Johnny Ringo headed a posse of his own to counter Wyatt?s. Bodies littered the desert chaparral when both factions met up near Iron Springs, Arizona. Wyatt reported the tails of his black duster were full of bullet holes, but he was otherwise unharmed. Sherrif Behan promptly issued a warrant for Wyatt?s arrest. Wyatt didn?t think he could get a fair shake in Arizona Territory. Even so, he was denied a change of venue and left for Colorado mid-April.

The dust seemed settled in southern Arizona once the Earps left. Tombstone, a town that boasted a murder every day, went relatively quiet. Then Mr. John Yoast discovered Johnny Ringo?s dead body on July 18, 1882.

A Strange Death

Before his death, friends described Johnny Ringo?s mood as ?morose.? He began to drink heavier than usual and often talked of ending his life. Johnny told his friend Deputy Billy Breakenridge that he would be traveling to Galeyville, Arizona. It was noon, and Johnny was already halfway into a bottle of whiskey with a full bottle at his side. Billy tried to stop him from going because it was hot, and he was too drunk to make the day-long horseback ride safely. But Johnny insisted.

When John Yost heard a single gunshot coming from the neighboring property near West Turkey Creek, he dashed to investigate the source. He found Johnny?s dead body leaning against an old Blackjack Oaktree. Johnny received a bullet to the right temple. Before dying, Johnny removed his shirt, cut it into strips, and tied the pieces around his feet. It appeared that he hung his boots from his horse?s saddle. But the horse ran away. A coroner?s inquest found that Johnny committed suicide.

Theories:

Johnny Ended It

Image for postTombstone Weekly Epitaph, July 22, 1882, Image 3

Suicide, on the surface, seems entirely plausible considering Johnny?s drunken condition. He had been on quite the bender and ranting about killing himself. But, Johnny?s cartridge belt for his revolver was buckled on his body, upside down. While he could have done this in his alcohol addled state, it seems oddly out of character. He was proud of his reputation as a competent pistoleer.

The coroner assumed that when the horse ran away, Johnny found himself in a life or death situation. Johnny realized he was stuck in the thick of an Arizona summer, far from civilization, with nothing but whiskey to drink. In the coroner?s estimation, he must have killed himself out of desperation, favoring a quick death over death by dehydration or heat stroke. But, Johnny was just 200 yards from a source of water. He was on the Smith family property, and their home was only 700 feet away. In light of these facts, it doesn?t seem likely that Johnny killed himself. The fact of the matter is, Johnny was not a good guy. A few people would have been glad to see him go. Those people are the likely suspects.

Wyatt Earp, and Maybe Doc Holliday

Wyatt Earp told conflicting stories about the extent of his involvement in Johnny Ringo?s death. He has flat out denied it when a reporter asked him directly in 1896. In the 1920s, the aging gunman bragged about the killing to other reporters. Wyatt claimed to the latter that he ambushed him during his vendetta ride. Yet, everyone within an range only heard one gunshot. Surely, there would have been more if there were an exchange of gunfire between the men. Wyatt could not have killed him as he described since Johnny died in July, long after Wyatt made his departure from Arizona.

Doc Holliday and Johnny were perfect enemies, and it would be easy to believe Doc killed him. Since the movie Tombstone came out, this is the theory we all want to accept. But it doesn?t hold water. Doc had a court appearance in Pueblo, Colorado that day and newspapers reported his presence over 550 miles away.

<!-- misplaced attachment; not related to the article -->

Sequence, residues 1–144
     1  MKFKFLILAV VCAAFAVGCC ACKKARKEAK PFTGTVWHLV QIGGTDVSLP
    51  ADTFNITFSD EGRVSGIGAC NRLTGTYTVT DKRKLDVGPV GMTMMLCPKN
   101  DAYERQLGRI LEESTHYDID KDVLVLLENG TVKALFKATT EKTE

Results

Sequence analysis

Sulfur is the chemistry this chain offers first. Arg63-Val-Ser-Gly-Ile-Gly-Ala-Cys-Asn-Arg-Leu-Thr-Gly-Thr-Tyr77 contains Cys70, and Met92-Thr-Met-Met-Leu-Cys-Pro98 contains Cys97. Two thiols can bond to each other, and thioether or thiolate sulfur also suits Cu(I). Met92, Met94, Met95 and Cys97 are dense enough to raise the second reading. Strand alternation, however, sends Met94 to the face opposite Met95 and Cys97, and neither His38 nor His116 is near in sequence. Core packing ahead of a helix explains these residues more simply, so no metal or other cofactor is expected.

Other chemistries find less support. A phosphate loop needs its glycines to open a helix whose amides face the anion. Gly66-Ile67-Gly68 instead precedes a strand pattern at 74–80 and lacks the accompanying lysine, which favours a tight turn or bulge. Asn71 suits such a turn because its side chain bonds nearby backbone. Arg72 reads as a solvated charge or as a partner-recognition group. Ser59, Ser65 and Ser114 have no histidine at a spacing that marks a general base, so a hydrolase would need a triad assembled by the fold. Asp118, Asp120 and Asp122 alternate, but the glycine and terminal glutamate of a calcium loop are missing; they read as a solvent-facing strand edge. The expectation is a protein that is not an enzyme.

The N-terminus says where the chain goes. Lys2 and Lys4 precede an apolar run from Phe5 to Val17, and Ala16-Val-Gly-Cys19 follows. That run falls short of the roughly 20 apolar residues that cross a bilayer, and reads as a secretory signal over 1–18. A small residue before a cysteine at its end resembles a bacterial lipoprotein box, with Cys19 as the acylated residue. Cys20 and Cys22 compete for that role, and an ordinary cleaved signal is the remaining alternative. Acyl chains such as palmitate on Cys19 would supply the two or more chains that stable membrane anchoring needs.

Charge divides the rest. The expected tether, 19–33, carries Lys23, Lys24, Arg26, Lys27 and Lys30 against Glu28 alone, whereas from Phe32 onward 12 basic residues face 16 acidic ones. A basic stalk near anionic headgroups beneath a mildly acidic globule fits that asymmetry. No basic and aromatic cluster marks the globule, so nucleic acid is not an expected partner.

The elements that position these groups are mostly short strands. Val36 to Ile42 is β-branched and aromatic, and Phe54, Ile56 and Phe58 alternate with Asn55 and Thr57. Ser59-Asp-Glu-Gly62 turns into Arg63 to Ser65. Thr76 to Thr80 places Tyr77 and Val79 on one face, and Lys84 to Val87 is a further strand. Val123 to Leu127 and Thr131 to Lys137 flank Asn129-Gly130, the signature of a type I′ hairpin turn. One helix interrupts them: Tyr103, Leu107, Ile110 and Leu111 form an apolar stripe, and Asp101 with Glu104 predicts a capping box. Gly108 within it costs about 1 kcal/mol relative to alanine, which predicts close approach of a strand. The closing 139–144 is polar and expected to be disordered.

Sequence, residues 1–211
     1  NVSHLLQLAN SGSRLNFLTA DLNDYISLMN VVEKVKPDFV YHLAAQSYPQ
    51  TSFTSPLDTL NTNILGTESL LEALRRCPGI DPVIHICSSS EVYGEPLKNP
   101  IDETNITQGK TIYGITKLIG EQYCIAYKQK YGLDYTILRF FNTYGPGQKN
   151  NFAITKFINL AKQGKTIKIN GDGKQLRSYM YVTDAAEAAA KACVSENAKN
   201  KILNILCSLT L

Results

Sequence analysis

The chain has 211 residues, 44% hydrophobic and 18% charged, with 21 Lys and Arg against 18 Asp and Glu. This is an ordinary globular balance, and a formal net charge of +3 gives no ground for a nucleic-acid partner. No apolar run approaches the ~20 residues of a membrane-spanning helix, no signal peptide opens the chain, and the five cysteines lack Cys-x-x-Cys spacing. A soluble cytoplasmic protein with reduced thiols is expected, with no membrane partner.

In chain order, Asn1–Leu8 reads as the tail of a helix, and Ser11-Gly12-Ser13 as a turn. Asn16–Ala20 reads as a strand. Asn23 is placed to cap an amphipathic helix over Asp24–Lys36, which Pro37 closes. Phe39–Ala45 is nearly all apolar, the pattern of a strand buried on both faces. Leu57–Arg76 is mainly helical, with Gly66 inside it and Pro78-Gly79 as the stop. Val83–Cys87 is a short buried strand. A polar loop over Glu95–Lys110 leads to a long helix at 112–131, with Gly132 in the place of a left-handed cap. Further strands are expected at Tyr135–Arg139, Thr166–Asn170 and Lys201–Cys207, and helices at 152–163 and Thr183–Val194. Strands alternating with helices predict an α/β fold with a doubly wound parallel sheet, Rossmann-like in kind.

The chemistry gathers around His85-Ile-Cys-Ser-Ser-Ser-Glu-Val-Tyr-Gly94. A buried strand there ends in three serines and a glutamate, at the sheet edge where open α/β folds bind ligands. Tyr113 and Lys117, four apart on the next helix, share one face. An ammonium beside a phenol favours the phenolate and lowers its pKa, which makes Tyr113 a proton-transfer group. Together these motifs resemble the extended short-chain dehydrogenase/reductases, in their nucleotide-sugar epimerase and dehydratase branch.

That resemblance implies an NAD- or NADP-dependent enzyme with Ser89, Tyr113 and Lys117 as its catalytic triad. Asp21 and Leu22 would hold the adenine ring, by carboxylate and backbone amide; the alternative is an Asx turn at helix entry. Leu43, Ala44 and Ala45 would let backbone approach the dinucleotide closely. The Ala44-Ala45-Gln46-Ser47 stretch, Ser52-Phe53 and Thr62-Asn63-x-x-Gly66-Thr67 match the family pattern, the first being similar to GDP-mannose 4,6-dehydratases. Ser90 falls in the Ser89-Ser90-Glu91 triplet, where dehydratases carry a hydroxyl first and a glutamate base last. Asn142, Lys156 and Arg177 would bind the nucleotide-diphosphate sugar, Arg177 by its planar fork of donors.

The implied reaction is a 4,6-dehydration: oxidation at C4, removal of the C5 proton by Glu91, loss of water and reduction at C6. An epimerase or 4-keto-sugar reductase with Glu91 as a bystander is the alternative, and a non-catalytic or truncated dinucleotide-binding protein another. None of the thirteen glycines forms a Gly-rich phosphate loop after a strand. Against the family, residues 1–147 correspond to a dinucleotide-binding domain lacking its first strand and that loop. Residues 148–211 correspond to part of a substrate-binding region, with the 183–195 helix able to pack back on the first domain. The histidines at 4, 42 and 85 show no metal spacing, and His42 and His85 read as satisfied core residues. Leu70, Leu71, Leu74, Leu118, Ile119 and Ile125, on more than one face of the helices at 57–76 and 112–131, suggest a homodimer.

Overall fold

Frank ?Buckskin? Leslie

Image for postFrank ?Buckskin? Leslie, Wikimedia Commons

Frank ?Buckskin? Leslie was considered a suspect at the time. Frank was a slight man at 5?7? tall and 135lbs soaking wet. He arrived in Tombstone in 1880 but his reputation as a rowdy, though formidable, gunslinger preceded him. Like Johnny, Frank loved drinking and gambling. Shortly after his arrival in Tombstone, he began seeing a married woman named Mae Killeen. Mae?s husband, Mike Killeen, confronted Frank about the affair. Frank killed the man on the spot and married his widow in the same week.

Frank had an amicable relationship with the Earps. His allegiance swayed in their favor after the shooting at the OK Corral. In a fit of rage, Buckskin pistol-whipped a man outside of The Oriental Saloon and nearly killed him. The townspeople thought he was dangerous, even for Tombstone.

When Johnny died, the town whispered that Frank was responsible. Tombstone resident Billy Claiborne and Frank were drinking at The Oriental Saloon when Billy bragged on about killing three men. He insisted everyone call him Billy The Kid. Frank refused, and Billy threatened to shoot him dead over it. In response, Frank dragged him to the dusty street and shot him dead. No one in town was surprised when Frank killed him. What shocked them were his final words, ??Frank Leslie killed Johnny Ringo. I saw him do it!?

There was no real evidence that Frank killed Johnny, aside from the ramblings of a dying, inebriated, man. However, when Frank went to prison for murdering his 2nd wife, he confessed to a prison guard that he killed Johnny Ringo.

Aftermath

Today, Johnny Ringo is known for the wild way he lived more than the questionable way he died. We remember him best as the ?Huckleberry? of Doc Holiday in the 1993 film. The debate still rages in Tombstone, Arizona. If you?re ever there, maybe you could win such an argument. And, you?re a daisy if you do.

Further Reading:

John Ringo: King of the Cowboys: His Life and Times from the Hoo Doo War to Tombstone by David D Johnson

John Ringo: The Gunfighter Who Never Was by Jack Burrows

The Death of Johnny Ringo: June 13, 2018, The State Library of Arizona